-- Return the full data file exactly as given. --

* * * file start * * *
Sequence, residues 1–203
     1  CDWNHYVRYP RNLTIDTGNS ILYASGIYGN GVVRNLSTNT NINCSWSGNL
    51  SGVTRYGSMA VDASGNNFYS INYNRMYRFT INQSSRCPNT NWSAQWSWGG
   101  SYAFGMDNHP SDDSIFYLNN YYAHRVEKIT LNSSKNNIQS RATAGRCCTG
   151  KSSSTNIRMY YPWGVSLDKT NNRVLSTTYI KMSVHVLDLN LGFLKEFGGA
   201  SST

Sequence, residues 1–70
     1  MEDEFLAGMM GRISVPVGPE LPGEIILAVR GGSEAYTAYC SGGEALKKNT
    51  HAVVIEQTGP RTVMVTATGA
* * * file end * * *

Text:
Sequence, residues 1–203
     1  CDWNHYVRYP RNLTIDTGNS ILYASGIYGN GVVRNLSTNT NINCSWSGNL
    51  SGVTRYGSMA VDASGNNFYS INYNRMYRFT INQSSRCPNT NWSAQWSWGG
   101  SYAFGMDNHP SDDSIFYLNN YYAHRVEKIT LNSSKNNIQS RATAGRCCTG
   151  KSSSTNIRMY YPWGVSLDKT NNRVLSTTYI KMSVHVLDLN LGFLKEFGGA
   201  SST

Sequence, residues 1–70
     1  MEDEFLAGMM GRISVPVGPE LPGEIILAVR GGSEAYTAYC SGGEALKKNT
    51  HAVVIEQTGP RTVMVTATGA